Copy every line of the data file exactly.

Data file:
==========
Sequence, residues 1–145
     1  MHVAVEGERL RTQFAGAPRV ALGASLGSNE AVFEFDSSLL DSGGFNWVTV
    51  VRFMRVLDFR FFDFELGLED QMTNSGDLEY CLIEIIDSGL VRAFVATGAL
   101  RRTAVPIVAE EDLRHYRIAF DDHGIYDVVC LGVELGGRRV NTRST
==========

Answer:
Sequence, residues 1–145
     1  MHVAVEGERL RTQFAGAPRV ALGASLGSNE AVFEFDSSLL DSGGFNWVTV
    51  VRFMRVLDFR FFDFELGLED QMTNSGDLEY CLIEIIDSGL VRAFVATGAL
   101  RRTAVPIVAE EDLRHYRIAF DDHGIYDVVC LGVELGGRRV NTRST